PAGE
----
Child Custody Wednesday, September 13, 2017
When you decided to end your relationship, you may have made an agreement with your soon-to-be ex-spouse that you would put aside your differences in order to co-parent. You and the other parent may be working toward developing a custody agreement and parenting plan that will work best for your children and for the two of you as well.
However, do you know if your plan will meet with the approval of a New Jersey family court? The judge wants to ensure that your agreement serves the best interest of your children. While it is true that you can create any agreement that you want, if it fails to meet that threshold in the eyes of a judge, you may get sent back to try again.
What do judges look for in custody agreements?
In order to assess whether your custody plan serves the best interests of your children, the court looks at the following factors:
- The children’s ages
- The parent/child relationship
- The number of children
- The distance between parents’ homes
- The stability of each home
- The fitness of each parent
- The parental communication
- The preferences of each child, if old enough
- The needs of each child
The court will also consider whether any domestic violence issues exist, especially if allegedly perpetrated by a parent.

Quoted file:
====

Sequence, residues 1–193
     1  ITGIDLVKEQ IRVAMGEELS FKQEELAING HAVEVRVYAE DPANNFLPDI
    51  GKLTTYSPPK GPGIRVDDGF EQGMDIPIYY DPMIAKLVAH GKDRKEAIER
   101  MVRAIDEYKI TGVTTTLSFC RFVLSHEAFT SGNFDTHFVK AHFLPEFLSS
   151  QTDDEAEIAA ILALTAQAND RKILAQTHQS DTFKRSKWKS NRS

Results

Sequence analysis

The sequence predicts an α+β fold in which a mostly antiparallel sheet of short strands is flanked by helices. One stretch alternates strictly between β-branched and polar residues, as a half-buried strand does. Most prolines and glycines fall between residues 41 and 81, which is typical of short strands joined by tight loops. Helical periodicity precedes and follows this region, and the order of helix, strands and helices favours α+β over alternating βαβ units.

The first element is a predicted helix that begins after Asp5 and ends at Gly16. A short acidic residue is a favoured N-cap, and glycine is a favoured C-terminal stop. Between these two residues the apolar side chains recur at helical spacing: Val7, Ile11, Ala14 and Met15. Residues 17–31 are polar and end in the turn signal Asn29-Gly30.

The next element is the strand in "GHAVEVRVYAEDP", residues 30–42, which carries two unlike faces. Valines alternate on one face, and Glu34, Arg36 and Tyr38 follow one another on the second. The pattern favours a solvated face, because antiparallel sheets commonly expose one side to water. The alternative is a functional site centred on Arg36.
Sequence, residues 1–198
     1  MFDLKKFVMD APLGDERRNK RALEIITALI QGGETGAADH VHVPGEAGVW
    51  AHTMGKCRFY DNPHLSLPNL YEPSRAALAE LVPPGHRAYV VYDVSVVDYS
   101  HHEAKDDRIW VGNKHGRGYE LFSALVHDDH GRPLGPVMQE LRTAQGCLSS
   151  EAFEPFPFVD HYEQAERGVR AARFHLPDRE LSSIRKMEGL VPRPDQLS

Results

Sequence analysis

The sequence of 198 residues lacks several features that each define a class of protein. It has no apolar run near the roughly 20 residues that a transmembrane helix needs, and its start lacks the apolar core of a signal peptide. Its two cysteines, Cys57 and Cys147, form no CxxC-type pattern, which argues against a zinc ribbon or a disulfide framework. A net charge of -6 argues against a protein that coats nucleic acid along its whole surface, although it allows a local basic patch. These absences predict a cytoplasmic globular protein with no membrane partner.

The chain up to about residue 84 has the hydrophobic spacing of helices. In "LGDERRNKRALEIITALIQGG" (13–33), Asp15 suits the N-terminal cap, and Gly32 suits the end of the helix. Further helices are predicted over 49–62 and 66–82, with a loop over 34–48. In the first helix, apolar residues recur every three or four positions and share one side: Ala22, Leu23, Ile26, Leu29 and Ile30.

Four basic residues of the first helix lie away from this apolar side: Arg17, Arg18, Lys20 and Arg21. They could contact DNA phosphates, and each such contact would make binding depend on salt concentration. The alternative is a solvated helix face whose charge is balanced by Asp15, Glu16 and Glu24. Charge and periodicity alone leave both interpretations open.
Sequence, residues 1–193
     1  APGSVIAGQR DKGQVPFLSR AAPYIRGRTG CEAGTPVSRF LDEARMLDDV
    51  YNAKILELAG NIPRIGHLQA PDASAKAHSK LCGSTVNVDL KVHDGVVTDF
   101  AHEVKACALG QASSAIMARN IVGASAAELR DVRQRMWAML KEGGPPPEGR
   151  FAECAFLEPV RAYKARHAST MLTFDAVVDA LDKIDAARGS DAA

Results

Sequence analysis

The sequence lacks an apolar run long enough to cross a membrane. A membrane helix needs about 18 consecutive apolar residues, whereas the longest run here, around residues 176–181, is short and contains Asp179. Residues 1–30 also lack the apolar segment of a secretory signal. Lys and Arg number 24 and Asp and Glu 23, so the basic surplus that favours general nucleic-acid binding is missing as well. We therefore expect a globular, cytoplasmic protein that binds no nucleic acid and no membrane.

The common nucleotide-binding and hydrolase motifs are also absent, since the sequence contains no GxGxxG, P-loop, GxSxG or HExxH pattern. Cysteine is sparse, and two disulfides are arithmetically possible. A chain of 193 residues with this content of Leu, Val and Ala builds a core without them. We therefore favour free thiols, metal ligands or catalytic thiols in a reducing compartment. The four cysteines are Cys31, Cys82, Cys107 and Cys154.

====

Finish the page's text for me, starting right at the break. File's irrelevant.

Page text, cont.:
Create your own agreement
Fortunately, New Jersey family courts support joint custody and co-parenting arrangements. The belief is that best serving the children’s interests involves both parents remaining active in their lives. Ideally, parents would work together and make decisions regarding the welfare and well-beings of the children together. This process could easily begin with negotiations to determine the best arrangements for continuing to raise the children together, providing them with stability and security and making the transition as smooth as possible for them.
Keeping these factors in mind, you and the other parent may create your own parenting plan and custody agreement. You know your children and the other parent better than the court, and that means that you may find a solution that works best for your family. Otherwise, if the court makes the decisions for you and the other parent, you may not get the type of agreement you envisioned or that will benefit your family now or in the future.
Since the best interests of your children remain your top priority, it may help to obtain some advice and guidance regarding the preparation of your plan and obtaining the approval of the court.